Yesterday I was picking up my daughter from the train. On the way back we go by Wilson's Farms. Now Wilson's Farm always makes me almost have accidents as I go by. They keep their fields neat and orderly, and I'm always craning my neck as I go by. My mind goes something like this, "Are those beans? Oooo they mulch their tomatoes with black plastic like me, but put clover in the walkways. I need to do that. Hmm what are those transplants that are getting planting in the field today? " And yes I do this while trying to drive. I try not to. Really I do.
Inside the store, it is not just a typical farmer's stand. It is produce market along with meats, milk, cheese and a bakery. They are open all year round and ship things in during the winter. But they mark the produce that they grow so you know what is really fresh.
I couldn't help but stop. This is the time of year they sell their tomatoes fresh from the fields in gallon boxes. The paste tomatoes were $5.99 a box. So I bought one. The regular tomatoes had a special of 2 for $10. So I got two. These tomatoes are not just any tomatoes. They are picked ripe. In fact sometimes they are a bit over ripe. But I was going to make them into sauce so they are perfect.
I had also heard that they sold Baer's Best Beans. Baer's is a farm in Beverly, just north of me. As far as I can tell they don't sell on their farm, but go to farmer's markets and Wilson's Farm. They sell all sorts of dried beans. The selection at Wilson's was small and mostly just the typical beans, but they did have Jacob's Cattle beans. I used to grow these years ago and can't wait to make chili from them or maybe baked beans.
Today I had to process my tomatoes. One of the boxes of regular tomatoes I roasted in the oven. I wanted to remove most of the water easily. I'd never done it before, but so many people say they love it so I tried. Everyone's recipe is different. Some do it at 200F for a long time; some at 400F for a short time; and other of course pick any temperature in between. I choose 275F. Don't ask me why. I have no clue. After several hours and they were starting to get brown, I declared them done. Then I used my Victorio Strainer to process them along with the rest of the paste tomatoes and a few more of the other box of regular tomatoes. The rest we have already eaten fresh or will eat in the next couple of days.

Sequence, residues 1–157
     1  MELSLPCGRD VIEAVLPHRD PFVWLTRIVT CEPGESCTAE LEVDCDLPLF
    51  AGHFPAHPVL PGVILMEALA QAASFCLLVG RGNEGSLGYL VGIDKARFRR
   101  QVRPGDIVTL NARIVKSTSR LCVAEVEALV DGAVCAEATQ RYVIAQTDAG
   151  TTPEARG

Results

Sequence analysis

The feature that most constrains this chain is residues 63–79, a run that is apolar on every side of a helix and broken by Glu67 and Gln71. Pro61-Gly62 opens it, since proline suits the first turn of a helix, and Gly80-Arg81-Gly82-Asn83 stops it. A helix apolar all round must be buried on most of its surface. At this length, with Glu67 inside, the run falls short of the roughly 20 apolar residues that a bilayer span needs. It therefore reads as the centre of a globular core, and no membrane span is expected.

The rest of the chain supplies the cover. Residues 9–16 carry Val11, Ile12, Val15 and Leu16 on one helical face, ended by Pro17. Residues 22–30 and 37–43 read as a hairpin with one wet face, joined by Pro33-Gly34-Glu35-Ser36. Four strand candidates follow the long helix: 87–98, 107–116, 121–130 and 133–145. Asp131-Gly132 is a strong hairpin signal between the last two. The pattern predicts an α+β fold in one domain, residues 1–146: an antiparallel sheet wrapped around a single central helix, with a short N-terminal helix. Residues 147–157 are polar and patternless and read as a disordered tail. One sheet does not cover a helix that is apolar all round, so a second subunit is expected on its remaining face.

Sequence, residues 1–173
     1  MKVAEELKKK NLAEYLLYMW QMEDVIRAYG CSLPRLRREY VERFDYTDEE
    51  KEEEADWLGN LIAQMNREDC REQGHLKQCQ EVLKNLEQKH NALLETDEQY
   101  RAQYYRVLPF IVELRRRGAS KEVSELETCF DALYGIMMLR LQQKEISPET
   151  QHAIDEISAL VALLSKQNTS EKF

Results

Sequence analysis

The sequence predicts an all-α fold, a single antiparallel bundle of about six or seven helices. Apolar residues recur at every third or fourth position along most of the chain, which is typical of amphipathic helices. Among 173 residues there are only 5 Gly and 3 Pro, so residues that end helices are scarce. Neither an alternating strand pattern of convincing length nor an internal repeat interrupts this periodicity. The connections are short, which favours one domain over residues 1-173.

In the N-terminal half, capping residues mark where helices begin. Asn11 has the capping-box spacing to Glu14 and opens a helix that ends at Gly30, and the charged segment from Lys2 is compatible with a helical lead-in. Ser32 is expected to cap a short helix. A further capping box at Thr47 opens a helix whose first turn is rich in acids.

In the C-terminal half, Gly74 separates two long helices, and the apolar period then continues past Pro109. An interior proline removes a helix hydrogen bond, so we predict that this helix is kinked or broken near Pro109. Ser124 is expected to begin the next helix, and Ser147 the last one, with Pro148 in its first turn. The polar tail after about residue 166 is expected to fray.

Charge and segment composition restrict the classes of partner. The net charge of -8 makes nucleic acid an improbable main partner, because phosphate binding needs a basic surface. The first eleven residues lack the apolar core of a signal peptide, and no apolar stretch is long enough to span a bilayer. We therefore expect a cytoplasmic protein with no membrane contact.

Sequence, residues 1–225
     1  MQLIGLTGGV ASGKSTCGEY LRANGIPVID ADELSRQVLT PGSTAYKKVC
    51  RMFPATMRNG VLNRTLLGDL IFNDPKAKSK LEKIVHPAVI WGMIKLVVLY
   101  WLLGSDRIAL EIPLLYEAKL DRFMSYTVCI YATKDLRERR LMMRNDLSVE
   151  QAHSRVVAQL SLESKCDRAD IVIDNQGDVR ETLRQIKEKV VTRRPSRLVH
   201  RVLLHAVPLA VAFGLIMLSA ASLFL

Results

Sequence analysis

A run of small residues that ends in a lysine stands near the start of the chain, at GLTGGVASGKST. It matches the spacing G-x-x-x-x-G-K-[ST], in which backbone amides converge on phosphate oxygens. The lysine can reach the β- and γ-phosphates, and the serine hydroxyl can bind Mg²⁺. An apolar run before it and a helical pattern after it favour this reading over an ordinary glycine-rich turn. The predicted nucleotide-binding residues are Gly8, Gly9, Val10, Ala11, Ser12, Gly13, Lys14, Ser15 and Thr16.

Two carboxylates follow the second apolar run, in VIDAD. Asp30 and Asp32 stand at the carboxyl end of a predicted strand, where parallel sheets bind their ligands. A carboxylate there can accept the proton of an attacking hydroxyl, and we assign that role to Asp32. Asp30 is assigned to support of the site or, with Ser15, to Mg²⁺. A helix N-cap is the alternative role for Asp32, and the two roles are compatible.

The Victorio Strainer is fabulous if you have a lot of tomatoes to process. Just roughly chop them up and pop them in the top. Turn the handle and the pulp comes out the side and the skin and seeds out the front. I usually send the seed/skin part through a few times to make sure the pulp is all out. The work is after you finish processing those pounds of tomatoes. Most of the cleaning is easy, but the mesh screen takes a lot of work to get all the little pulp bits out. If I only had a few tomaotes, I would have done the seeding and peeling by hand.
For the rest of the day the tomato sauce will simmer in my crock pot thickening. Then tonight I'll cool it down and freeze it. This is plain tomato sauce. I thought about seasoning it, but I decided I'm not sure what I'm going to do with it. It might be spagetti sauce later or chili or soup or all three. There is certainly enough of it for all three and more.